Why Standards Alone Won't Get You Portable Software and How to Make Open-Source Middleware Work for You
Problem: Programming Yourself into a Corner with OS APIs
An OS can be viewed as a "silicon abstraction layer," which shields application software from the details of the underlying hardware. If just one instance of one version of an OS application programming interface (API) were adopted universally, our profession would clearly be simplified. As noted above, however, that's not the case today, nor will it ever be, due to the need both to support legacy applications and to advance technology. As a result, the common practice of programming applications directly to OS APIs yields the following problems:
It's not portable. Some standards are implemented on only a subset of your target platforms. For example, three popular threading APIs are Windows, UNIX International (UI) threads, and POSIX threads (Pthreads). They all have different features and semantics, and of course different APIs. Therefore, if your code needs to run on Windows and anything else that isn't Windows, you'll need to deal with at least two of these three standards. To make matters worse, these standards and their APIs have evolved over time, so code written to an earlier version of the API may not compile with later versionsor it may compile, but behave differently! If the source code for OS APIs isn't available, you can't adjust it to achieve backward compatibility. Likewise, trying to integrate your own versions of vendor-supplied libraries is problematic, even if you could find a way to obtain the source code.
The differences are tedious to find and work around. For instance, the enormously popular BSD Socket API is used for TCP/IP network programming. It's widely implemented and you can usually count on it being available on any platform that supports the TCP/IP networking protocols. However, the integration of the Socket API into the operating system's runtime libraries can yield functionality that's not portable. For example, although the Socket API defines the send() and recv() functions to send and receive socket data, the read() and write() system calls on many UNIX systems can also be used for the same purpose, which allows simple substitution of another interprocess communication (IPC) mechanism (such as pipes) for sockets. However, code written to take advantage of this feature won't work on systems in which the Socket API is not closely united with other I/O subsystems, as you've no doubt noticed if you've tried to port UNIX-based Socket applications to other operating systems, such as Windows or some real-time systems.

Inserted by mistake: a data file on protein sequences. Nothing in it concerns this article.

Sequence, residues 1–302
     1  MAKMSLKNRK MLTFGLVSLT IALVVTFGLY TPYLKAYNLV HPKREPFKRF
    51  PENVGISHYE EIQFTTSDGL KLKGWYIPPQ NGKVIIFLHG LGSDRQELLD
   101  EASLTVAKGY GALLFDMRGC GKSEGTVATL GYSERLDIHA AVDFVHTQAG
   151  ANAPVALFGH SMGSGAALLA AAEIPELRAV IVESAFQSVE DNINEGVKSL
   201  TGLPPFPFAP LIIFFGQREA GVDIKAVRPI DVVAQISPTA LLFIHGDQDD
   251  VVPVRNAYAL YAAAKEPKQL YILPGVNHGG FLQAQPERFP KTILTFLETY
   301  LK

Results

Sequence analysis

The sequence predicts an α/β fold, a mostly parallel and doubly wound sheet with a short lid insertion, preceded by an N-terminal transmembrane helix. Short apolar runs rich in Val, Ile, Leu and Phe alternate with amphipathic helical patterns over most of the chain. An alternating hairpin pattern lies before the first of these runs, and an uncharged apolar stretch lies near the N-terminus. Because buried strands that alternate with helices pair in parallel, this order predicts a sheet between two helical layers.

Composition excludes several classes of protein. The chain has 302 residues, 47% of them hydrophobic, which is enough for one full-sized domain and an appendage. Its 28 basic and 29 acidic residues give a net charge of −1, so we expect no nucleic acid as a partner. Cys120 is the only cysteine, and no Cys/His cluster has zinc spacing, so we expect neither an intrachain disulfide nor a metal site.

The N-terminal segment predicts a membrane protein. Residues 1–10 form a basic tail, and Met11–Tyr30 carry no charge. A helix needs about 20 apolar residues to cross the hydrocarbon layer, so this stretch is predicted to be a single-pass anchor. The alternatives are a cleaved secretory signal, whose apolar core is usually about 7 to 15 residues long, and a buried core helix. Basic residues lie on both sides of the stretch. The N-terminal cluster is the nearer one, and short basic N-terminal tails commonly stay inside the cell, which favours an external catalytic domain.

It's error prone. Native OS APIs written in C often lack type-safe, reentrant, and extensible system function interfaces and function libraries. For example, endpoints of communication in the Socket API are identified via weakly typed integer or pointer I/O handles. Weakly typed handles increase the likelihood of subtle programming errors that don't surface until run time, which can cause serious problems for your customers.
It encourages inadequate design techniques. Many applications written using OS APIs are based on algorithmic design, rather than object-oriented (OO) design. Algorithmic design decomposes the structure of an application according to specific functional requirements, which are volatile and likely to evolve over time. This design paradigm therefore yields nonextensible software architectures that can't be customized readily to meet changing application requirements.
The bottom line is that it's easy to program yourself into a corner by developing applications entirely from scratch using nonportable native OS APIs and algorithmic design techniques. In this age of economic upheaval, deregulation, and stiff global competition, it's prohibitively expensive and time-consuming for companies to make these mistakes, particularly when there's a better way!